"I guess," she said, then took the exit end of the flute back in her mouth and held it up for Sjel. "Buh take goo' care of it, okay? Itsh old."
"She knows it's old, she made it," said Leif, and his sister bumped him with her shoulder.
Sure enough, the girl was right; this was exactly the same flute that she had given Lys, many, many moons ago. It was clearly older, with more nicks and dings on it and the wood about a decade aged from her recent memory, but it seemed that it had been in good hooves.
Last Edit: Nov 11, 2014 21:58:32 GMT -6 by lys: i missed a spot, sir
The line of questioning concerning her armor washed over her in an odd way. A different odd than everything else was. Naturally, she would not leave her armor anywhere that it could get damage or become lost to her, but she didn't know where it was, either. None of the armor she had worn so far had been anywhere before it was on her. Logic said that it would be at her home if she went there, but that seemed even less appealing than it had originally.
”He is right, though,” she remarked as the instrument came into her possession. This was the flute she had crafted. In this world, it would be an old gift. And Lys' mind had deigned that she would pass it on, or at least loan it, to her daughter. ”I could not deny my own work it even feels-
She frowned. Until this moment, her logic had always been her barrier between investing in this world. She knew she had come from the waking world into a dream. That was how she had trusted herself to walk the skies.
For the first time, it was not only logic that could deny what her eyes saw, what her ears heard or her body touched. In every way, this was exactly what an aged version of the flute she had crafted would look like and exactly how it might handle.
But there was a life that objects had in the waking world that this did not. Things that were forged, could be forged or crafted... They had a spirit to them, one this lacked...
”-Perfectly as I remember it... I must go. I thank you for all of your help, I will see you later.” With luck, that would not be true.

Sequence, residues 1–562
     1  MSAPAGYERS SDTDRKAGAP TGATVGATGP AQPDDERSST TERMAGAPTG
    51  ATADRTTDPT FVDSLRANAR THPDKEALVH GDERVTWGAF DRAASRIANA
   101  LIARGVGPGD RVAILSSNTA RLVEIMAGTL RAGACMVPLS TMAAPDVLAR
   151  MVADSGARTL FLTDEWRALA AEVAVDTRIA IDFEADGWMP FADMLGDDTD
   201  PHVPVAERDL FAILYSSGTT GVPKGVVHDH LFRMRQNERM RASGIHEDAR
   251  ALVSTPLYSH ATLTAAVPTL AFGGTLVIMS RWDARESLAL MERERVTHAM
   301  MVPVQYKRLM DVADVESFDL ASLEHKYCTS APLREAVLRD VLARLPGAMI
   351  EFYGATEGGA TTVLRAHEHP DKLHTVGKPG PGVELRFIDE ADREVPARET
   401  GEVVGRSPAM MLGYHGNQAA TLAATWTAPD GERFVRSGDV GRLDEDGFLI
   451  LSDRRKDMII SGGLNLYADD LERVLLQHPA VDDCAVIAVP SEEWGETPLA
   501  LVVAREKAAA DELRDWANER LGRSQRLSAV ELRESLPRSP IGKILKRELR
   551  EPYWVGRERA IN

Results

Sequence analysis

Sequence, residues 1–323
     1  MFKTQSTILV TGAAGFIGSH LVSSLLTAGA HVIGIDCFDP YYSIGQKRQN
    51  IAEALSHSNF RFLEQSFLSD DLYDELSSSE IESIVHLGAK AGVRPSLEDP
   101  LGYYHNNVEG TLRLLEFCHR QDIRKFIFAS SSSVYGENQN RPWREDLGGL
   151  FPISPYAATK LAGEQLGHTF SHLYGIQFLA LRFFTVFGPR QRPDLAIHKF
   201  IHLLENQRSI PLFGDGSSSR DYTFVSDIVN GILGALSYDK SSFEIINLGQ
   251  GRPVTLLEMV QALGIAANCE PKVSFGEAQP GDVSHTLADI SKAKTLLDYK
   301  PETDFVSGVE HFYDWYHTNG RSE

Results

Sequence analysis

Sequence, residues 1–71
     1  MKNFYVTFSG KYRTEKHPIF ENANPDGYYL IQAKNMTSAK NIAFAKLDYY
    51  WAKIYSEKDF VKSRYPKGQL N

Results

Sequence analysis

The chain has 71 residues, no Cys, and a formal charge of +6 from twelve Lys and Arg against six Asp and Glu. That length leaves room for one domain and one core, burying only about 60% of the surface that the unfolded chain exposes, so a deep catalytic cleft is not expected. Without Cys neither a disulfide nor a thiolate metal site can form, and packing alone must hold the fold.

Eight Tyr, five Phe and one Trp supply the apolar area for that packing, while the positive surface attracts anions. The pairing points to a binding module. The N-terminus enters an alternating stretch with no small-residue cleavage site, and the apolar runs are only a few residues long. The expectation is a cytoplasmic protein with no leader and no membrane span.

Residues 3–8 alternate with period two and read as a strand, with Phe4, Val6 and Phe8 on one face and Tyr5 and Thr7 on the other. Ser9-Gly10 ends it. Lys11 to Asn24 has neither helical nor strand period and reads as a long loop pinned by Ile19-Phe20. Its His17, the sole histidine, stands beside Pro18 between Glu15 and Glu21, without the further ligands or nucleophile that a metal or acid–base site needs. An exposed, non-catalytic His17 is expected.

She set out at once, toward the sea. If she were not interrupted on her path, she would begin to play the instrument herself as she left town.
They all said goodbyes—with varying intensity, as the bull's was a calm and formal one and the calves were punctuated by a holler about seeing her later—but as she was leaving, she heard the bull exchang some quiet words with his children. Exactly what the conversation concerned was too soft for her to hear, but they didn't impede or tie her up in anything further, so it was just as well she continued along her way.
As she traveled through the rest of town toward the seaside, she was starting to see why there had been so much lumber being hauled. Not all of it was going to the bonfire—the good, quality woods were headed towards the boathouse. There were some carts parked up by the entryway and a plume of white smoke coming from the roof indicated there was some work being done, though it would be a detour to turn in and see what said work was.
As she began to play her instrument on the way out, she noticed that the lack of the flute's spirit resulted in a strange shaky quality to the sound, as though the fibers of the wood didn't hold together as well without it. Either that, or its age was simply showing, though it hadn't sounded that way by Sjø's lips. Strange.